GN: In games, every action a player takes has to be meaningful. Maybe that's the core of what we are talking about. If I move a chess piece, it has an immediate effect. There is no meaningless move in the game of chess. But if we hear that there is a 90% chance of a 2-degree worldwide temperature rise by 2040 if we do not reduce carbon, and a 50% chance if we do cut carbon production radically, what would the meaning of my cutting my own carbon output be? It is not at all clear. Those statistics make it very difficult for us to see how our daily actions are meaningful. It would seem that the temperature is rising either way, either quickly or slowly, so why does what we do as individuals matter?
But in a game, we can show how immediate individual action is meaningful. Instead of looking at probabilities and eventualities in the future, we are looking at the meaning of each choice now. If I choose to bike to work instead of driving a car, it matters, and a well-designed game can reveal how. And if we have a social connection—which is another part of a game—then we suddenly have a space where our every decision is meaningful in terms of our social standing. And it is not about some scenario in the future, it is about how we use and trade resources among each other, now.
To make actions concerning air quality meaningful, first we have to make sure that what we are talking about is visible. Aclima's sensor technology does that. If we don't have an air quality sensor, we may have no clue whether deep-frying fish or baking it makes any difference. If we do know the difference, our environmental footprints become a kind of social currency. This currency allows us to build social relations, and where social relations happen, meaning happens.
GS: How does this weigh on the broader project of CITRIS: of applying technologies to socially, economically, and environmentally important areas?
GN: We are doing one part well. We are measuring electricity, measuring air quality, and all of those things. But data alone will not ensure survival. We also have to try to see that people seek meaning in the data. It is tricky though, because meaning is not something you can just give to people. You can say something like air quality is very meaningful all day long, and people will not believe it unless they discover it for themselves.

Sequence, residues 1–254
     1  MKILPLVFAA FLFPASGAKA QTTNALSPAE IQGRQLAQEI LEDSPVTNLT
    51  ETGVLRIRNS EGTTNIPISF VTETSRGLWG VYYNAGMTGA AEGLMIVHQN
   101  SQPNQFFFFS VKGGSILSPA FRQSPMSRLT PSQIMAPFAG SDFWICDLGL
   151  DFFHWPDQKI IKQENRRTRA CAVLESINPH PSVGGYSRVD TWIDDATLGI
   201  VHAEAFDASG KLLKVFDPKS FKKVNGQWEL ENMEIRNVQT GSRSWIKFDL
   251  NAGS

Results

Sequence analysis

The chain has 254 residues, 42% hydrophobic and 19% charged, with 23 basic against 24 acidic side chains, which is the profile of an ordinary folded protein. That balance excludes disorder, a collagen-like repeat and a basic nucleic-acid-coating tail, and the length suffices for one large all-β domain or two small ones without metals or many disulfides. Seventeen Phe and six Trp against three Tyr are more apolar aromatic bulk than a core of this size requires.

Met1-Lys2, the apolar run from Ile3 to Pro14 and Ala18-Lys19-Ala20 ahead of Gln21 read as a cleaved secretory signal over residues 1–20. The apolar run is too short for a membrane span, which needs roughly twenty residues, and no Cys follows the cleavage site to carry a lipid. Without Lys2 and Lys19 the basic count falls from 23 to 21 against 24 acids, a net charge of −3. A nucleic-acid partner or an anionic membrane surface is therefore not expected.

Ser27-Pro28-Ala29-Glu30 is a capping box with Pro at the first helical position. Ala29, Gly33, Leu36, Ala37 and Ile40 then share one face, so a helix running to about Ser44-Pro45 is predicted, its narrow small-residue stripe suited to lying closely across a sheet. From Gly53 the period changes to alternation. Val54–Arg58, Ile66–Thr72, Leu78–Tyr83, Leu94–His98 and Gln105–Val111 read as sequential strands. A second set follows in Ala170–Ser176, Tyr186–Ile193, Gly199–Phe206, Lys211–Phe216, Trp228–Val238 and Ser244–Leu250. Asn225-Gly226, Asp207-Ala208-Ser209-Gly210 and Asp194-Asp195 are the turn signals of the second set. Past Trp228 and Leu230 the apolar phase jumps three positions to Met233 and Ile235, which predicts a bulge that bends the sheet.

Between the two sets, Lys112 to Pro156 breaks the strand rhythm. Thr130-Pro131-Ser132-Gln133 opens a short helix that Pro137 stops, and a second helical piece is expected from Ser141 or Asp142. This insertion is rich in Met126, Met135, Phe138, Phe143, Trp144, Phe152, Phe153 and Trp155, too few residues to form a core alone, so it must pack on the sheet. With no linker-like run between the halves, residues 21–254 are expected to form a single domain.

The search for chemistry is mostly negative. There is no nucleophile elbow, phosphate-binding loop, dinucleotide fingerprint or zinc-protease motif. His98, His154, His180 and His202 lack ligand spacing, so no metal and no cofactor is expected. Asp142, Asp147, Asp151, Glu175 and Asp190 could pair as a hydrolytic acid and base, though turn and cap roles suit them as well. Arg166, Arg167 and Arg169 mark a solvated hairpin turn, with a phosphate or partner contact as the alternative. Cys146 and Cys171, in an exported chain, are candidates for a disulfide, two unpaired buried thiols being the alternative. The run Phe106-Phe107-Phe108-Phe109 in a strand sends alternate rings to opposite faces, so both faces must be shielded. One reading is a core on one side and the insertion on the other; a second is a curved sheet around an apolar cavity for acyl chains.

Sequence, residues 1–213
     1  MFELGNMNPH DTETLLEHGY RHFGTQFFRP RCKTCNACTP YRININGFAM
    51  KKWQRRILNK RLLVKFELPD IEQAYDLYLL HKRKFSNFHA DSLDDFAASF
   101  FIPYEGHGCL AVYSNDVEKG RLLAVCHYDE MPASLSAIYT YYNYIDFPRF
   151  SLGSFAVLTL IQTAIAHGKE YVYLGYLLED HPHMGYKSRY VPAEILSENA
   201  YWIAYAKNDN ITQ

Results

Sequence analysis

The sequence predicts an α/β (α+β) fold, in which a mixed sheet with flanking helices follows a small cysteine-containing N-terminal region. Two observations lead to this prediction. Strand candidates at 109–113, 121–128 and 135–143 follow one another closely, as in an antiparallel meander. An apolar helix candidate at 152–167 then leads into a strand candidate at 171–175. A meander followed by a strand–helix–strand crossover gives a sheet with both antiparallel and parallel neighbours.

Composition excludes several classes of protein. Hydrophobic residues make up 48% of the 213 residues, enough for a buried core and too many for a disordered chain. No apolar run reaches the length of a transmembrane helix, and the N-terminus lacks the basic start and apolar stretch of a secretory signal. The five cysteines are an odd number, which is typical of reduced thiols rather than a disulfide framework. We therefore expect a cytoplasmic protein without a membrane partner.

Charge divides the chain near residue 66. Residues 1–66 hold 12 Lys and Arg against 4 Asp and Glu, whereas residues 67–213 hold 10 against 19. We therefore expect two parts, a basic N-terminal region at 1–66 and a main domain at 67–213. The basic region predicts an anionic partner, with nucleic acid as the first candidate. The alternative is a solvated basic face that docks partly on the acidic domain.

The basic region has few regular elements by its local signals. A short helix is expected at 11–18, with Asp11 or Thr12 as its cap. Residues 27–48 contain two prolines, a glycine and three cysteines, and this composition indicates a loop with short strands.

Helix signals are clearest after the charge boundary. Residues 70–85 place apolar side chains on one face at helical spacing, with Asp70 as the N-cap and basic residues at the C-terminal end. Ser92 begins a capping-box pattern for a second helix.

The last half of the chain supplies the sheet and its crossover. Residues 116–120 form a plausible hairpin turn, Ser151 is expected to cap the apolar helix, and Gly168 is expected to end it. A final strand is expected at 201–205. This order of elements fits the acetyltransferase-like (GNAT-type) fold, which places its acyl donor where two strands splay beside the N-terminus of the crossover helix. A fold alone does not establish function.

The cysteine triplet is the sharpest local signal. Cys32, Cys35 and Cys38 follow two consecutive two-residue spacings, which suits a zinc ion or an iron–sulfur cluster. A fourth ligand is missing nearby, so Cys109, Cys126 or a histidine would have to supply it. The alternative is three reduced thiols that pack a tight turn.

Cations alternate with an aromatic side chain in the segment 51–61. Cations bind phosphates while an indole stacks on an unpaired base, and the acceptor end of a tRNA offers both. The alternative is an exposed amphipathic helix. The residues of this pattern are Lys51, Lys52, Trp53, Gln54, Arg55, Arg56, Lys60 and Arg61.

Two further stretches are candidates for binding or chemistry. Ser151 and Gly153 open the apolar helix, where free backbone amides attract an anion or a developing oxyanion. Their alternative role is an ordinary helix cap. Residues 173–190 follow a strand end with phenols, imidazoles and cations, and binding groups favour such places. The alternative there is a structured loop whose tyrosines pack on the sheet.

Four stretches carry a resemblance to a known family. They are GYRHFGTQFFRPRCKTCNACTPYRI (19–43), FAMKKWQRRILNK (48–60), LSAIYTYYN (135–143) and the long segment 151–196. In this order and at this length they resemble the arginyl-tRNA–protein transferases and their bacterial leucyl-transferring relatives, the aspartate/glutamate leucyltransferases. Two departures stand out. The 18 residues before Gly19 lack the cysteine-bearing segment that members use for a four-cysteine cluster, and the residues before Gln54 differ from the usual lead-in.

But we can present information in a way that stresses relationships between data and individual survival. We can even simulate that relationship in games whose ideas can then transfer to real life.
Economic crisis, climate change, and crime all pose challenges to our individual and collective survival. And meaning comes from addressing these issues of survival and trying to improve our odds.
GS: Why can't you just tell people what the meaning of, say, polluting is?
GN: You can. It's called propaganda.
GS: Why shouldn't we use propaganda then? Why do you have to let people discover the meaning of such things for themselves?
GN: The discovery of radical alternatives happens in smaller steps and in individual minds and hearts. For example, I love baking and I used to do a lot of it in my big old gas oven. Then I put a sensor in my kitchen and learned that a lot of CO2 gets produced. Even after I turn the oven off, hours afterward, CO2 was still sitting in my kitchen to a tune of 2,000 parts per million. The cookies were long gone and I was still sitting in a soup of gas. Once I became aware of that, my wife and I got a convection oven instead, and now we bake with that. I bake less and the oven is a little smaller, but I don't have a CO2 lake in my kitchen anymore. It became actionable to do less because of harm reduction, essentially.
Games are models that reveal systemic causation that we aren’t normally aware of. In the social realm, games make us engage with each other through an engine of cause and effect. That’s where meaning emerges. What we did with Blackcloud is half sensing reality, and half mapping that reality onto a model that had a social relevance.
Ultimately what we are after here is a link to direct causation. With individual sensors and related technologies like energy measurement, we have an opportunity to clarify the direct causation part of the systemic situation. And many direct causations added up produce a picture of systemic causation. But we do not even need to worry about that. Where it starts is with that direct link, the understanding that what we do as individuals actually does matter.